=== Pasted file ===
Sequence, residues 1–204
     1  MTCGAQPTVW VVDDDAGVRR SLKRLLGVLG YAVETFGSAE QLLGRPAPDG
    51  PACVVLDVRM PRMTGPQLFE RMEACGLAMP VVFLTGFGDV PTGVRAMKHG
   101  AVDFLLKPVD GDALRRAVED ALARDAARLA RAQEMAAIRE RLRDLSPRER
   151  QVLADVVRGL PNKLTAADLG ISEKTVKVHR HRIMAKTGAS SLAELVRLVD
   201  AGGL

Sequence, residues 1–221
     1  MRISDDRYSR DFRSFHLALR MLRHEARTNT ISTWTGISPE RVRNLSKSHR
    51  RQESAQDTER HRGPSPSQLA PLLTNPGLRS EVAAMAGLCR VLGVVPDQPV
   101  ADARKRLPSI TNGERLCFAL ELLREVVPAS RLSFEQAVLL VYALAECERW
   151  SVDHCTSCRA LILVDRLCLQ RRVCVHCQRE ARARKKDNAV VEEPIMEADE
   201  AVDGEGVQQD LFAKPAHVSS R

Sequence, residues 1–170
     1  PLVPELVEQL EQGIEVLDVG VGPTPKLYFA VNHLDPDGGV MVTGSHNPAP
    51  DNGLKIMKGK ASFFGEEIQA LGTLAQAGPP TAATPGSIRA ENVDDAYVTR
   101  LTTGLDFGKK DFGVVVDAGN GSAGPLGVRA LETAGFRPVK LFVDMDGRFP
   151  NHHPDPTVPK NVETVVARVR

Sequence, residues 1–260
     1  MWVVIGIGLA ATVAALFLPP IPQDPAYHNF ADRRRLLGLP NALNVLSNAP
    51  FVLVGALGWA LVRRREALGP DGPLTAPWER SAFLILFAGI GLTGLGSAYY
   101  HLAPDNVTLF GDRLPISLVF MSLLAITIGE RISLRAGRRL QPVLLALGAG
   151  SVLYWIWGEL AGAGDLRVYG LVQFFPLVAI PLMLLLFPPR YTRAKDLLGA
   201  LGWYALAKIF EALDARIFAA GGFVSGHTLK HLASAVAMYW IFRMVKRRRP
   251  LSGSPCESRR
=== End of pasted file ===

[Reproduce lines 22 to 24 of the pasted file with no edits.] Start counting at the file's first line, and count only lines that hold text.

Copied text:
   151  SVLYWIWGEL AGAGDLRVYG LVQFFPLVAI PLMLLLFPPR YTRAKDLLGA
   201  LGWYALAKIF EALDARIFAA GGFVSGHTLK HLASAVAMYW IFRMVKRRRP
   251  LSGSPCESRR